Signs of Racism and MMIWG2S (Missing Murdered Indigenous Women and Girls, Two-Spirit) and In Search of Stolen Land were held that day. While we stood before the capitol building, Christine Nobiss (Plains-Cree Saulteaux), Michelle Free-LaMere (Ho-Chunk), and Donnielle Wanatee (Meswaki) stood in front of this statue and delivered an urgent call-to-action to take all problematic statues down at the Iowa State Capitol as well as nationally. It was a powerful day. Quite often we are told that when moments like that happen, everyone that is supposed to be there – will be there. Each of us either feel that call or we don’t. I left that day feeling like I needed to do more. I was no longer going to sit by and witness our history being taken away like everything else was.
Decapitating Colonialism: White Supremacist Statues, Monuments, & Symbolism Written by Alexandrea Flanders, Great Plains Action Society
The earliest pioneer monuments were put up in midwestern and western cities such as Des Moines, Iowa and San Francisco, California. They date from the 1890s and early 1900s, as whites settled the frontier and pushed American Indians onto reservations.
Those statues showed white men claiming land and building farms and cities in the West. They explicitly celebrated the dominant white view of the Wild West progressing from American Indian “savagery” to white “civilization.”Think Confederate monuments are racist? Consider pioneer monuments by Cynthia Prescott, The Conversation.
Following are previous posts related to monuments to white supremacy in Iowa.
My friends Christine Nobiss and Donnielle Wanatee organized the event at the Iowa State Capitol on July 4th, 2020, regarding removing the Pioneer statue on the grounds there.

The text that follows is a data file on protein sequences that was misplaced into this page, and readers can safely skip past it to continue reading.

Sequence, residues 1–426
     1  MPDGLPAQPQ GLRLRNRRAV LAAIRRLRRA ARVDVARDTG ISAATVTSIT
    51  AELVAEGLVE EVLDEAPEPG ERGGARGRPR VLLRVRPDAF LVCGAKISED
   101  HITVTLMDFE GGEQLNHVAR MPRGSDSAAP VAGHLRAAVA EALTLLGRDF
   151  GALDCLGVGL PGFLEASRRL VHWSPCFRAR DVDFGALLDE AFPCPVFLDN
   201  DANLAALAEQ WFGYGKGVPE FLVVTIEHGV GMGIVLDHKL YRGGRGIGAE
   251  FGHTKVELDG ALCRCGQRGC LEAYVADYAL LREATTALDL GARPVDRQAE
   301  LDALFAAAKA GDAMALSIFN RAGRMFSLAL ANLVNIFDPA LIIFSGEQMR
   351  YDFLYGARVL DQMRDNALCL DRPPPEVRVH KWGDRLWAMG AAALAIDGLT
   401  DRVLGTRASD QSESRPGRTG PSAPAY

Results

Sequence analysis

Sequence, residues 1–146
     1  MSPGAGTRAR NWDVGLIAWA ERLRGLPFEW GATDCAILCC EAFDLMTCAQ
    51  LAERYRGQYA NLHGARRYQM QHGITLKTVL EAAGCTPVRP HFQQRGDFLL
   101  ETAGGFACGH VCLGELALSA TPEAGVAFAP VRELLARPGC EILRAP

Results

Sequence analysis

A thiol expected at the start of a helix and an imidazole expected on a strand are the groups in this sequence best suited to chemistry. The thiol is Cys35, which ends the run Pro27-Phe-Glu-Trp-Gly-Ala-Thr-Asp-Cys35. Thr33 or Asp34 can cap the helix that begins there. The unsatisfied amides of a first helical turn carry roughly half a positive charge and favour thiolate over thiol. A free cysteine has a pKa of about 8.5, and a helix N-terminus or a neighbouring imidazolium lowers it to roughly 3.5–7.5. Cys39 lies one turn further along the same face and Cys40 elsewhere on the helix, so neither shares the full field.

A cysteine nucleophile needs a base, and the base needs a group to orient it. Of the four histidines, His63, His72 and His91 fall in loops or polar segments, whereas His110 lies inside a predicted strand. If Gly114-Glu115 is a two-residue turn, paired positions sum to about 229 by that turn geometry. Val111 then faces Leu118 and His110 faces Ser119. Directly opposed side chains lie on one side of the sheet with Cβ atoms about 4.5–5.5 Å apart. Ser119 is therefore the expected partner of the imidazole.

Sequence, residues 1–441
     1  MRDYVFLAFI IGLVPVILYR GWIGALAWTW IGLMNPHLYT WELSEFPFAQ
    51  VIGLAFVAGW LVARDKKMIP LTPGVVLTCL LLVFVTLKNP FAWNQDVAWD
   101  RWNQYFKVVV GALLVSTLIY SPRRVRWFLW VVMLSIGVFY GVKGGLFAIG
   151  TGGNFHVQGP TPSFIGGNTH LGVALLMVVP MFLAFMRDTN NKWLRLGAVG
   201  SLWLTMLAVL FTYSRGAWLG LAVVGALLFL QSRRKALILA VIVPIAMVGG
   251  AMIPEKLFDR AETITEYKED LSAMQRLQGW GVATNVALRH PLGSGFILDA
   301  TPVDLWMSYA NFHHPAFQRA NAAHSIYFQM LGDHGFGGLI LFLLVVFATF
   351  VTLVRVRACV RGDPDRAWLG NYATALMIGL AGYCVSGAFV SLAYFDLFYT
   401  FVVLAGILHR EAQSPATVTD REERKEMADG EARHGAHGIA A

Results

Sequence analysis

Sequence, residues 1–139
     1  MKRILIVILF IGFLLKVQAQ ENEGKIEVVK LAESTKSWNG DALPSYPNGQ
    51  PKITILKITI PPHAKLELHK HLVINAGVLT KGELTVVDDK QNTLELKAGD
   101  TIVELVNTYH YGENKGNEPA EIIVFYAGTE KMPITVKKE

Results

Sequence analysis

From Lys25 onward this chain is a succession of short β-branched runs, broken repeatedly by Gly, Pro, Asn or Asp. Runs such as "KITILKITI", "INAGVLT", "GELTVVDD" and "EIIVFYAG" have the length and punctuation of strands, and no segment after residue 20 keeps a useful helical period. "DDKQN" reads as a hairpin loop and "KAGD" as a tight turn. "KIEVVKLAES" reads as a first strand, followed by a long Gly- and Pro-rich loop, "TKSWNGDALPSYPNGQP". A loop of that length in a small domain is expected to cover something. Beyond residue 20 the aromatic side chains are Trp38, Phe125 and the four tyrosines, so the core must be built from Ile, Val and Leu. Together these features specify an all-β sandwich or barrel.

I was blessed to be able to attend this ceremony. Sometimes things we get involved with don’t seem to impact us directly. But they might in ways we may not be aware of at the time. This July 4th ceremony with the voices of Christine and Donnielle helped me see the effects of these statues in a new way. See these with my heart and not just my mind. That illumination came from the story Christine shared.
This land is stolen land. Where we are standing it’s the land of the Ioway and the Meskwaki and the Dakota.
I am tired as an Indigenous person coming to these spaces and seeing these because it does trigger historical trauma. And it does make me feel unwelcome here. And I should not feel unwelcome here, especially as an indigenous person of Turtle Island.
I think this is hate speech. Iowa doesn’t have any laws per se against hate speech, but it does have laws against discrimination. So I feel discriminated when I come here and I look at this or when I go inside and I have to look at that awful mural of westward expansion that tells the story of bringing proper farming practices to Iowa. Like the people here didn’t know what they were frickin’ doing, And especially the Columbus statue, which is over there somewhere, but it’s being protected right now.Christine Nobiss, Seeding Sovereignty
Indigenous People’s Day, Des Moines, 2020 | Quakers, social justice and revolution (jeffkisling.com)
I Don’t Feel Welcome | Quakers, social justice and revolution (jeffkisling.com)
HEY! Come Get Your Racist Uncle | Quakers, social justice and revolution (jeffkisling.com)